The study of Political Science provides information and perspectives pertinent to a range of regions and time periods. An awareness of political concepts and interpretations of political events past and present is vital to being an informed American and global citizen in today's challenging and fast-changing world.
Flowing from the Mission of the College of Saint Elizabeth, the Mission of the College of Saint Elizabeth's Political Science Program is to provide a curriculum that fosters students' understanding of political science, in the expectation that this knowledge will enhance their comprehension of present and future political events, conditions, and trends in the United States and elsewhere in the world.
Students who minor in Political Science obtain excellent preparation for careers in law, government service and public policy involvement, and business. Some students choose to enter graduate programs in Political Science or related fields.
Total: 20 credits
* With the approval of the History Program Chairperson, students may take PS 400 Internship and apply it to the minor's 20 required credits. In such cases the Chairperson will determine which course requirement listed above will be substituted for by PS 400 Internship.
This course explores the origins, objectives, institutions, and evolution of U.S. politics and the American system of government. Politics in America will be studied and evaluated from both historical and contemporary perspectives. The increasing involvement of women, African-Americans, Latinas/Latinos, and other formerly marginalized groups in U.S. society will be explored. Current political campaigns and issues will receive significant attention.
This course reviews and analyzes a range of contemporary legal issues that impact the American people. Course readings will concern personal liberties and governmental regulation, crime and punishment, issues of life and death, individual and group rights and responsibilities, issues involving race and gender, and other legal-based personal and societal concerns in today's America.
This course surveys the development and evolution of international relations over the course of human history. Early patterns of multi-societal interactions, the emergence and maturation of nation-states, the primary causes of inter-state conflict, differing strategies for maintaining stability, peace, and security among nations, and the achievements of the major inter-governmental organizations will be studied through case-study examples.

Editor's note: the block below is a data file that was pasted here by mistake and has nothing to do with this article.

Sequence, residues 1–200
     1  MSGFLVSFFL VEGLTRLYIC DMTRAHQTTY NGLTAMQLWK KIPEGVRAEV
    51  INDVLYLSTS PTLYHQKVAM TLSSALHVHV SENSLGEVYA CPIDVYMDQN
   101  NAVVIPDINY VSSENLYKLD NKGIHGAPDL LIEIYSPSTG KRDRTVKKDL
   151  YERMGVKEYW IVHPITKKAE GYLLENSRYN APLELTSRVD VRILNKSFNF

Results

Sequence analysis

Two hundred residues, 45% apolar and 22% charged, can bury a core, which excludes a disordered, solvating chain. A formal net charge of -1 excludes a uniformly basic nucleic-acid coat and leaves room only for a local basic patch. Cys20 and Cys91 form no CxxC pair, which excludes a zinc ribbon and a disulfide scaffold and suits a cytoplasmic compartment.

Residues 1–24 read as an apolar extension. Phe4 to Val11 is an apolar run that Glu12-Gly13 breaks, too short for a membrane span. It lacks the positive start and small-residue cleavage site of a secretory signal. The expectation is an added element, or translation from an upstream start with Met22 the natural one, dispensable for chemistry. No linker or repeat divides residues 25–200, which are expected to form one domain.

This course reviews contemporary political conditions in major countries and regions around the world. The different systems of governance now in use will be studied, as will the major domestic issues and foreign-policy concerns of the major countries and regions of the world. Historical-background information will be introduced to provide necessary perspectives on the conditions and conflicts affecting current global affairs.
This course explores the evolution of the Office of the Presidency over the course of U.S. history. Presidential power, as it has been exercised and as it has variously expanded and contracted over time, will be reviewed, discussed, and appraised. Individual Presidents will be studied for the purpose of evaluating their leadership capacities, most critical challenges and decisions, and degree of success or failure in achieving their political and policy objectives. Prerequisites: PS105 [American Politics and Government] and one 200-level Political Science course.
This course provides a detailed examination of the major Supreme Court decisions over the course of U.S. history. Important questions pertaining to judicial review, federal and state authority, commerce and governmental taxation and regulatory powers, due process and civil liberties, social issues, and the expanding role of the judiciary in the nation's political processes will be critically explored and assessed. Prerequisite: PS105 [American Politics and Government] or PS221 [Law and Contemporary American Society].
This course examines the principal ideas that have shaped humanity's political systems across the ages. Students will read the most significant writings of major political theorists from ancient and medieval times, the Enlightenment and Industrial Era, and the intensely ideological twentieth century. Emphasis will be placed on Western political thinkers, although consideration also will be given to the major ideas advanced by figures from other civilizations. Prerequisite: Enrollment in CSE's Honors Program or permission of the History Program Chairperson.
An independent study is a carefully supervised reading and research project, designed through consultation between the student and the instructor. Appropriate political-science readings will be assigned, and a research paper on a substantive political-science topic will be due at the end of the independent study. Prerequisite: Enrollment in CSE's Honors Program or permission of the History Program Chairperson.
This course provides the student with an opportunity to combine learning about political science with practical work experience at an appropriate internship site. These include local law firms, governmental agencies, political campaigns, and nearby museums. Student interns will devote an assigned number of hours (determined by the number of credits being taken) to working on assigned projects and assignments supervised by on-site personnel, in conjunction with a CSE faculty advisor. Prerequisites: completion of two Political Science courses and permission of the History Program Chairperson.